Worn and faded paper - language atrophy can leave you feeling your skills have faded.

Beating Language Atrophy (In The Heat of the Moment!)

I spent a great weekend of volunteering at a fun, lively international sports event. As you’d expect, there were language practice opportunities galore. I hobnobbed in German. I gabbed away in French. And – gulp – I stammered away in depressingly cumbersome Spanish. Without even noticing, I’d let my Spanish atrophy.

My first reaction was personal frustration. Spanish was one of the first foreign languages I learned properly. I sailed through it in school, college, and then university. Half of my degree was in the language, and I’d been fairly successful at resurrecting it for an event not too long back. The Spanish I was producing off-the-cuff was just-about functional, old-fashioned, bookish, laboured and uncolloquial. How could it feel so clumsy in my mouth? 

The thing is, it’s the same with any skill. The ability remains, but without regular use, the automaticity of it – the muscle memory, in a sense – will dull. Perhaps the level of skill-drop isn’t as dramatic as use it or lose it, but there’s a grain of truth in there. Even so, that’s no consolation when you’re in the line of fire.

So how do you beat language atrophy in a just-in-time scenario?

Be Kind To Yourself

The crucial first step is simple: silence the self-critic. It’s too easy to reproach yourself in the moment, but it’s also completely fruitless. Our lives are complicated. There are a million and one reasons you might have let a language slide a little. Don’t beat yourself up.

The truth is that we perform even worse when we let that inner voice knock our confidence. You challenge yourself to do better immediately, and you flounder when that just compounds the issue. Stop the vicious circle in its tracks and give yourself a break. Languages can be challenging, and you’re brilliant for having mastered them in the first place!

Don’t Be A Perfectionist

There’s a wonderful saying in Gaelic that speaks so eloquently to this situation. S’ fheàrr Gáidhlig bhriste na Gàidhlig sa chiste. It means “broken Gaelic is better than Gaelic in the box”, and it appeals to the sabotaging perfectionist in us.

When pressurising myself in the heat of the moment, everything annoyed me. I was cursing my use of a wrong verb ending, tripping up on a trilled r, using a wrong auxiliary. That is, despite all the time producing perfectly sensible, comprehensible sentences. In reality, nobody cared or gave marks, and everybody was simply happy to hear a volunteer trying to communicate in their language.

Don’t try to be perfect – you’re not a native speaker, and nobody expects you to be.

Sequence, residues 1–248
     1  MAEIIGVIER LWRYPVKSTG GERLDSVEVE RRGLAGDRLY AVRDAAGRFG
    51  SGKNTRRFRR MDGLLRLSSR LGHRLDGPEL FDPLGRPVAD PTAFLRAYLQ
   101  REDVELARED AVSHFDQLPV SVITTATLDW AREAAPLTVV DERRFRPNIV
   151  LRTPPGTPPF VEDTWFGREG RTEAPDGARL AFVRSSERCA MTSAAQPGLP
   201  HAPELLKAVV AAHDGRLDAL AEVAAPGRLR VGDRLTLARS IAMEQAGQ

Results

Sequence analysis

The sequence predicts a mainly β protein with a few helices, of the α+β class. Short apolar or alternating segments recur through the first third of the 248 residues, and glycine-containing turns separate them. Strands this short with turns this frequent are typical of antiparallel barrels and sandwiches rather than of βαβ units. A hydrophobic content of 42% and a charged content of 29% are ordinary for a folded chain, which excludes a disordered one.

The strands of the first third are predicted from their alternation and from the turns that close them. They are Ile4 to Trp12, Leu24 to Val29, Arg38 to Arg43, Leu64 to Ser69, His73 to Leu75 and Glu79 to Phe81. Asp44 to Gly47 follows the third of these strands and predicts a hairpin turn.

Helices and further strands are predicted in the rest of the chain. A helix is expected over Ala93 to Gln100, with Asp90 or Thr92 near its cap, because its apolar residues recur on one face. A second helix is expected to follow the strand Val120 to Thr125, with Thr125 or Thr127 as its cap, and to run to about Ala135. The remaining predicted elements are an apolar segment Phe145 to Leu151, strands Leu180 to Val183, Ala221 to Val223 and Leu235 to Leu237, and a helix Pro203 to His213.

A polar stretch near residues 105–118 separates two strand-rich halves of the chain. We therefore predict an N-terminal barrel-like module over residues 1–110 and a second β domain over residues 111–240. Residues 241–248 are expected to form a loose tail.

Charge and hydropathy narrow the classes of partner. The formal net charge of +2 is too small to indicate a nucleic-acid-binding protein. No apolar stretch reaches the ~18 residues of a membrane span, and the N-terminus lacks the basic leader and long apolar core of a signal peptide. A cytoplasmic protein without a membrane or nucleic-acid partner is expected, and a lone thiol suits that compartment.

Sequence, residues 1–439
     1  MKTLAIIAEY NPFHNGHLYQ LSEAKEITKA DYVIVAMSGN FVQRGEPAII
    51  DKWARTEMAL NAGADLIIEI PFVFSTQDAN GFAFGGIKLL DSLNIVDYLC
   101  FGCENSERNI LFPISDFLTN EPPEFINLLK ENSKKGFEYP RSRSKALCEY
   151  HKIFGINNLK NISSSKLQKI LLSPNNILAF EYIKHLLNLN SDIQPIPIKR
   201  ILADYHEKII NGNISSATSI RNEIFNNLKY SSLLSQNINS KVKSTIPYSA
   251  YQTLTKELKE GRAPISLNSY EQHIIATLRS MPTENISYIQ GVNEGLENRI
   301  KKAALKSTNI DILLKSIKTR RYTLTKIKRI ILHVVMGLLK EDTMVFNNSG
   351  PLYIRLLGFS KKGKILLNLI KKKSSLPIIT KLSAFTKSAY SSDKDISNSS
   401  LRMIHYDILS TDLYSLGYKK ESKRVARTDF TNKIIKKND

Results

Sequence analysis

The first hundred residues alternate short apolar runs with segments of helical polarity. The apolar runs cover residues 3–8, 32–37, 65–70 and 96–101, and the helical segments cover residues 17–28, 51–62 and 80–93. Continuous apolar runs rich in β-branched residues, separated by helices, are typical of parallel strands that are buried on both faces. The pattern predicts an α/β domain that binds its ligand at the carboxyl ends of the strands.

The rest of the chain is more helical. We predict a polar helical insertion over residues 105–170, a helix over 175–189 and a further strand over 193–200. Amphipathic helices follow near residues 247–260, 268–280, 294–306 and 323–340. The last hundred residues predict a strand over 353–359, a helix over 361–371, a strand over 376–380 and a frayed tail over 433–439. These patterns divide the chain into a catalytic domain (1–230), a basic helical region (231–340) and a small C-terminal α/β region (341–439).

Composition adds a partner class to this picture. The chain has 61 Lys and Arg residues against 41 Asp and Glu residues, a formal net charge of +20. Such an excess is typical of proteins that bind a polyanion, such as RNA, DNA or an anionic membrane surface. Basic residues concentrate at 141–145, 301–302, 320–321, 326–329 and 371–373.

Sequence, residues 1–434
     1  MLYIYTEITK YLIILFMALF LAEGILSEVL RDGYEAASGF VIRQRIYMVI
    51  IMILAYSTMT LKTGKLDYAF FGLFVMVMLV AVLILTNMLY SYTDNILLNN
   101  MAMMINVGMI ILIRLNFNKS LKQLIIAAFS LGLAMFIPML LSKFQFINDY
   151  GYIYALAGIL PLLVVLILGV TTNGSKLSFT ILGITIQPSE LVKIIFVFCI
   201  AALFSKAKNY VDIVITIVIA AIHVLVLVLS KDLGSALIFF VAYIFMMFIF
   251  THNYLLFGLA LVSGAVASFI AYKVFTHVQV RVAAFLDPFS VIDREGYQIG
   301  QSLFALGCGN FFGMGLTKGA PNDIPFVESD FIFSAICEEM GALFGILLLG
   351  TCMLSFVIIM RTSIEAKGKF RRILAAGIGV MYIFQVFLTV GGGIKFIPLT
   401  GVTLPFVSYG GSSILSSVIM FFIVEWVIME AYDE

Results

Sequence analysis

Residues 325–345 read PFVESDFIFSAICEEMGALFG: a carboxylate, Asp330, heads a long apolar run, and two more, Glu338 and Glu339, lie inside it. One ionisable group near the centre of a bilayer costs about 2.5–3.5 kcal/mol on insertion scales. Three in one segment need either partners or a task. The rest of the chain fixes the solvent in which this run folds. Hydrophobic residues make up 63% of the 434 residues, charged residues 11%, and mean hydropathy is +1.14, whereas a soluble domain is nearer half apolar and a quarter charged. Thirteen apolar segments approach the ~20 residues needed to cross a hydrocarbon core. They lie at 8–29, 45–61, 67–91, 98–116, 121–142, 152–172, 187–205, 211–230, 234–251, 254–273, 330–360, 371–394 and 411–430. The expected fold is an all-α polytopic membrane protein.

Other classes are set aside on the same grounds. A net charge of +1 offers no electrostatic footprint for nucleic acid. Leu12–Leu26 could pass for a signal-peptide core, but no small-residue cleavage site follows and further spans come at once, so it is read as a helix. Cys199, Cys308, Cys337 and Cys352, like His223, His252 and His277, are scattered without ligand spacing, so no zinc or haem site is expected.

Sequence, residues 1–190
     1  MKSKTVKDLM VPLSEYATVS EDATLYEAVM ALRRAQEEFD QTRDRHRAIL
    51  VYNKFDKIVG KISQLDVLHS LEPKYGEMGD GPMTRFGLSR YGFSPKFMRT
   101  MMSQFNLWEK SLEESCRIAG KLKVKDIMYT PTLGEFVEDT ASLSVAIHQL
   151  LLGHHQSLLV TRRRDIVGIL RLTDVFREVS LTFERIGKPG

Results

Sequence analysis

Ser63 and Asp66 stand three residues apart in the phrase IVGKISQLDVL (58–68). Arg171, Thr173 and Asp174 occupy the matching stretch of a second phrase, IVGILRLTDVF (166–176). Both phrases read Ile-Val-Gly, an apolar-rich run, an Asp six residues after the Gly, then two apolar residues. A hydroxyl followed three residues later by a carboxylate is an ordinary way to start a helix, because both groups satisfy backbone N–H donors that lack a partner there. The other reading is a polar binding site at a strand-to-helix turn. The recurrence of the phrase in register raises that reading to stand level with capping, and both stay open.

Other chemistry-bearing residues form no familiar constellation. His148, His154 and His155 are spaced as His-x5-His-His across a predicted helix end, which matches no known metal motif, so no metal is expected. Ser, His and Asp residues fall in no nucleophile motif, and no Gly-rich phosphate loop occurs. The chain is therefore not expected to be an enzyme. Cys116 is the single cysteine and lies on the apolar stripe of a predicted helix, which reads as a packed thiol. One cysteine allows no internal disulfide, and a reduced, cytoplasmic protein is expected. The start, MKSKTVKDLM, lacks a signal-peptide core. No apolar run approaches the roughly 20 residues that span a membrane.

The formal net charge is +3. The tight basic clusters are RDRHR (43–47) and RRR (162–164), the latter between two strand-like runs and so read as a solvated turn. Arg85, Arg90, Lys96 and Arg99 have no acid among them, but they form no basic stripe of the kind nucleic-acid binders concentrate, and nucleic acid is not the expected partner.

Take it back a step

When you’ve gathered your thoughts, it’s time for a mini plan-of-action. The order of the day is simplicity – revising some snappy, colloquial foothold phrases to give you some instant success in your current surroundings. Text engines like Reverso Context are a great place to get quick anwers.

My role included meeting and greeting arrivals, so obvious choices were “¡disfruta!” (enjoy!) and “¡divièrtete!” (have fun!). It was a competition, so add to that “¡buena suerte!” (good luck) and “¡mucho éxito!” (lots of success!) and you have the start of a script. They’re super simple interjections, but they gave enough of a social framework to scaffold short interactions, keep things flowing, and slowly build back confidence.

It certainly beats trying to assemble the phrase ‘I hope you and your teammates all have a really great time at the tournament’ in your head on the spot!

Use other speakers

While you’re finding your feet again, friendly speakers – ideally those non-delegates where the stakes are lower – are golden. And when you locate them, there’s no better way to practise speaking a language than speaking about it. Chat about how long it’s been since you’ve used the language, when you learnt it and so on. It’s instantly relatable, motivating to talk about, and so will get your gears going again quickly.

I volunteered alongside a couple of very fluent non-native speakers for some of my stint. Amongst other things, we found ourselves chatting in Spanish about language atrophy itself. It was low-pressure, good fun, and a godsend for between-task, forgiving, live language practice!

Language Atrophy Kryptonite

So, to reassure anyone fearful of landing in the same boat, you can turn it around. I managed to get my knocked confidence back on track soon enough to be a useful volunteer again (at least to our Spanish visitors).

And perhaps that’s the biggest lesson here – that language competence is never just about the vocab, the grammar, or the pronunciation. It’s about nurturing your confidence in order to give yourself a chance to be the best you can be.

¡Buena suerte!

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